Effectively the Brothers Grimm invented the ghost train, which in this context is particularly relevant because the other thing which Castle of Blood brings to mind is Disney's classic ride 'The Haunted Mansion,' which first opened in 1969, but had been in development for a number of years. Like 'The Haunted Mansion' this film features distorting portraits, eerie distant waltz music, disembodied laughter and enough cobwebs and candlesticks to make every spook and ghoul feel right at home. Our hapless hero Alan meets a sympathetic ghost, much like the "Ghost Host" of the ride, and he is forced to witness the last moments in the lives of the castle's previous occupants, which includes couples waltzing around the hall and the arrival of a bride and groom on honeymoon. 'The Haunted Mansion' builds its narrative around a tragic bride, and features an amazing ballroom scene with waltzing ghosts. The castle has long, foreboding corridors and a crypt through which Alan attempts to escape, leading to the cemetery. The way out from 'The Haunted Mansion' involved having to go through the crypt and into the cemetery, which features grasping tree branches and corpses swinging from above. All that is missing from Castle of Blood is a possessed crystal ball and singing ghouls atop the gravestones. Of course I am not saying that Disney ripped this film off, but the similarities seems more than just a coincidence. The ride was in development from 1961, but did not open to the public until 1969, giving the developers plenty of time to catch all the ghostly movies they could for ideas.
I have been obsessed with this ride since I was a child, when my grandparents had the soundtrack album and a super 8 film of the ride itself. I listened to it obsessively, pouring over the images in the accompanying gatefold album, so to recognise elements of it in this film was a real treat.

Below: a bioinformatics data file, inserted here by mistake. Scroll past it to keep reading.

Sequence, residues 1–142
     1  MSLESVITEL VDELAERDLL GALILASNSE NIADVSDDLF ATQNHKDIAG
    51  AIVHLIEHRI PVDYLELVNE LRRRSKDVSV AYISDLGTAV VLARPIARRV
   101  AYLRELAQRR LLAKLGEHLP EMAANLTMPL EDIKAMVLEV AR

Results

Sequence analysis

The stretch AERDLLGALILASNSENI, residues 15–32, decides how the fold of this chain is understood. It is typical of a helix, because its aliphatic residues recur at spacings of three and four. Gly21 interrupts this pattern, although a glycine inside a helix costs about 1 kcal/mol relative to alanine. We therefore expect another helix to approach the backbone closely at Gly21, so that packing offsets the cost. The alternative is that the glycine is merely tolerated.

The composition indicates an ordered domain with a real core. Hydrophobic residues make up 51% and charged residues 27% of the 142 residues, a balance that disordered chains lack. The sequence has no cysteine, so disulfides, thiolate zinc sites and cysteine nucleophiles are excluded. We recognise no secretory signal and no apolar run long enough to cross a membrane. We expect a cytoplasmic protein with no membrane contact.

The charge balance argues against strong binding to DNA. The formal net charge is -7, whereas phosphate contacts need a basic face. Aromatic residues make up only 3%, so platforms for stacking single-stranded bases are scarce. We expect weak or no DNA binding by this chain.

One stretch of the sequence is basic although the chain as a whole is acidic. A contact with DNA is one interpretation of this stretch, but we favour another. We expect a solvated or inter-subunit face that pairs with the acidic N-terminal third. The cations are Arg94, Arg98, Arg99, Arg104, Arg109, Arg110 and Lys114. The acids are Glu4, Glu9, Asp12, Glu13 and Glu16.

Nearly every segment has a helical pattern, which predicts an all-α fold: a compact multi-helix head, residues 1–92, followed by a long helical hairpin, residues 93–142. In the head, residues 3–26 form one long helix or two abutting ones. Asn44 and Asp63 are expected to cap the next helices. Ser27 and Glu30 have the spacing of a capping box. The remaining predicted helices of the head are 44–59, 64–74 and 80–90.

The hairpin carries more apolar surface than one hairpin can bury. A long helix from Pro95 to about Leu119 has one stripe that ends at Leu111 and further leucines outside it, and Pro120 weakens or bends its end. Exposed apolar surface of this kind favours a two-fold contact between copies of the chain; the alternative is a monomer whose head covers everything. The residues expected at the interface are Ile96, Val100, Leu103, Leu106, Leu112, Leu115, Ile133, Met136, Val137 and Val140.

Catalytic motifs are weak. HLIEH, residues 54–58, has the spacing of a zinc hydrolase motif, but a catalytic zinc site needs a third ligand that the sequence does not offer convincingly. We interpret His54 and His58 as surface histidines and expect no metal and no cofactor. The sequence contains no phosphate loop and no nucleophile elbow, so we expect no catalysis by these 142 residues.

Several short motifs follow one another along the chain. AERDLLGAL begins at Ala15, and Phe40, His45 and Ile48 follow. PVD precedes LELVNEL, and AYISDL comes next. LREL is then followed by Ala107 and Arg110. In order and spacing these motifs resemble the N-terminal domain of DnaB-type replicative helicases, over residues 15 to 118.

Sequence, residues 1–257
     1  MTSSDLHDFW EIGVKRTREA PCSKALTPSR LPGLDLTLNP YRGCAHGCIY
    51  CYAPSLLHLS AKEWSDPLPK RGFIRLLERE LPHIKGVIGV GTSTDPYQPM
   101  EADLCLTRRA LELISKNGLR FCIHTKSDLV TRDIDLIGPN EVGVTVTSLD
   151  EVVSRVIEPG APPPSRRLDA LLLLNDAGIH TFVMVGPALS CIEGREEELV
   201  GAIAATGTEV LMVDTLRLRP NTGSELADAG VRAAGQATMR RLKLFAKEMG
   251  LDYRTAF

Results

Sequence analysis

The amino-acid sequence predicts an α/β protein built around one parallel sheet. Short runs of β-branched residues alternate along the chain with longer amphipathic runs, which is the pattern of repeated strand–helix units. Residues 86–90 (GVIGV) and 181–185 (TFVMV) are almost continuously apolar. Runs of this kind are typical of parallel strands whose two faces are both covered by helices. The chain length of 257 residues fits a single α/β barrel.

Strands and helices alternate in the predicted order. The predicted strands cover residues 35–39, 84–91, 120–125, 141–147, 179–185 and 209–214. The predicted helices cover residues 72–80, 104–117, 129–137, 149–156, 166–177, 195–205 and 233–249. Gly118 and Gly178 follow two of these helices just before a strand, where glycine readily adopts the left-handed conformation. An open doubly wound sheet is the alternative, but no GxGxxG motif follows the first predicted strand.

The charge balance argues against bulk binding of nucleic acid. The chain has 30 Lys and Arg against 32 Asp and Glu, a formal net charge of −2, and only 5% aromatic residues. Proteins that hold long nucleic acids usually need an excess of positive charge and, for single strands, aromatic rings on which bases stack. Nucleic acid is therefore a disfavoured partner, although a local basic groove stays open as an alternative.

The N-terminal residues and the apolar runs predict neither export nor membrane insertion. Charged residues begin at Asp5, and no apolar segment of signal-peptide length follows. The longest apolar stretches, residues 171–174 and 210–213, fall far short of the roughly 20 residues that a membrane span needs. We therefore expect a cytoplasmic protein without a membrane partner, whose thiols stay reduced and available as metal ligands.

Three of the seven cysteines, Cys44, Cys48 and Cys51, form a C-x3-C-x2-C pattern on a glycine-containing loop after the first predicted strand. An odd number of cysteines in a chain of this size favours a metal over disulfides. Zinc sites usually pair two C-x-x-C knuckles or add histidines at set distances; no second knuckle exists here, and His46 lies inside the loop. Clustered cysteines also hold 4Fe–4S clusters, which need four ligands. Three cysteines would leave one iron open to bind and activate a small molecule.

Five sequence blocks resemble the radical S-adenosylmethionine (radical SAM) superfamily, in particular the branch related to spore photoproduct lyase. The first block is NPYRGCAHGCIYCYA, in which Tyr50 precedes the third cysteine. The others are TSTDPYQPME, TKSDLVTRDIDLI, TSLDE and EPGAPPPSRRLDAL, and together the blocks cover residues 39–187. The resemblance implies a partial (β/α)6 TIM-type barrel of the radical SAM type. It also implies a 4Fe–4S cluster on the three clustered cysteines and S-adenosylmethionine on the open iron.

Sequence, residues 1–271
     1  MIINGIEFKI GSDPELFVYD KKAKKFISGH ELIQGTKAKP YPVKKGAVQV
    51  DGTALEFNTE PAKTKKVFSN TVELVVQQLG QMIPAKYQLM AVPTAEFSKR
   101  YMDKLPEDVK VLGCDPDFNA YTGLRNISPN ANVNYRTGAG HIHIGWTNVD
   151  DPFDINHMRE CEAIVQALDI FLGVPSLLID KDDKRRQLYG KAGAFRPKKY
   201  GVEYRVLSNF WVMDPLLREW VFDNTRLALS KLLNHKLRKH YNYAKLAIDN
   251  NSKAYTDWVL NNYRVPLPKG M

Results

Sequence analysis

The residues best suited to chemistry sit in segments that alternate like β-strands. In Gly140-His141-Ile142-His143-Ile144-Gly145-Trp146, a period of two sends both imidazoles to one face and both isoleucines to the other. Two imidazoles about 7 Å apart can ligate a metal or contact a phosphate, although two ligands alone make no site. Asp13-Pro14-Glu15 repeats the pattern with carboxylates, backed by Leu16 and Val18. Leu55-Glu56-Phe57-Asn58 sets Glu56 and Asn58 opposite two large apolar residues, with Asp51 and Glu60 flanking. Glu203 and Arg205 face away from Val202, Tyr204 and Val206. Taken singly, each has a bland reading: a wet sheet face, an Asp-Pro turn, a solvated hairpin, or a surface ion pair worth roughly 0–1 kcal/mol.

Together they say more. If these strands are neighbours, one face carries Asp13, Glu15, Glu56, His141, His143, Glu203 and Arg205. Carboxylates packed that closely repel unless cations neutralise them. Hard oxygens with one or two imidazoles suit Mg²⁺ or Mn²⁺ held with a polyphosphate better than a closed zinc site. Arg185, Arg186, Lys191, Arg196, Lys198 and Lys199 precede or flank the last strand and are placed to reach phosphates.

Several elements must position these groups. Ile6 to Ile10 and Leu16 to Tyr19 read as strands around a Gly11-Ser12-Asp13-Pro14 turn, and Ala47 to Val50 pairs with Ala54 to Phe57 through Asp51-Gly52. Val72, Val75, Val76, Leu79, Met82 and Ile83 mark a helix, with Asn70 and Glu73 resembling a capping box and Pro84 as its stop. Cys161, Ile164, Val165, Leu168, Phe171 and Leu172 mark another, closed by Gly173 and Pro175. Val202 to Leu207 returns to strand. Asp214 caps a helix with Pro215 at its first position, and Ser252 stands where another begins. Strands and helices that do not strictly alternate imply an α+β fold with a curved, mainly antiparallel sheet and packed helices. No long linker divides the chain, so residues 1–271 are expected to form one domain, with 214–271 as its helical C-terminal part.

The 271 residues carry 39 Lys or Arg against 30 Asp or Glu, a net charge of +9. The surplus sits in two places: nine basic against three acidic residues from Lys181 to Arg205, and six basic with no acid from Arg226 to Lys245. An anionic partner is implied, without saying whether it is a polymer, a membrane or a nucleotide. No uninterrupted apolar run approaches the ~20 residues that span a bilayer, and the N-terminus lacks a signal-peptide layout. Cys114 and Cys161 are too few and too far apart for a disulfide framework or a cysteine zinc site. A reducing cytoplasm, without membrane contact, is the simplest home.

Like most of the entries on this blog so far, this was a first-time watch for me, and I absolutely adored it. Castle of Blood has leaped up my rankings to become one of my favourite films. It has everything one would want from a gothic horror tale, but with the added perversity of Italian exploitation which had only been hinted at in Roger Corman's Poe films, despite his reliance on psychoanalysis. Given fact that Margheriti was effectively a director for hire on this film, shooting at an astonishing rate, he could be forgiven for churning out something second-rate. Remarkably he demonstrated again that he could make something incredibly creative and atmospheric in such conditions, which would become something of a hallmark for him just a couple of years later when he made all four Gamma One films in a year. According to some sources Margheriti himself was somewhat dismissive of this film, calling it "boring." He seemed to have incorrectly attributed its perceived failings to the fact that it was black and white, and attempted to remedy the problem with a shot-by-shot remake in 1971: Web of the Spider (Nella stretta morsa del ragno, Italy/ France/ West Germany: Paris-Cannes Productions, Produzione DC7, Terra-Filmkunst), featuring Klaus Kinski as Poe. I've not seen this either, but by all accounts it was an experiment which did not work, leaving Castle of Blood as the superior gothic offering.
Over at The Bloody Pit Rod Barnett and John Hudson discussed both films at some length, which is highly recommended. Web of the Spider has just been released on blu ray in America.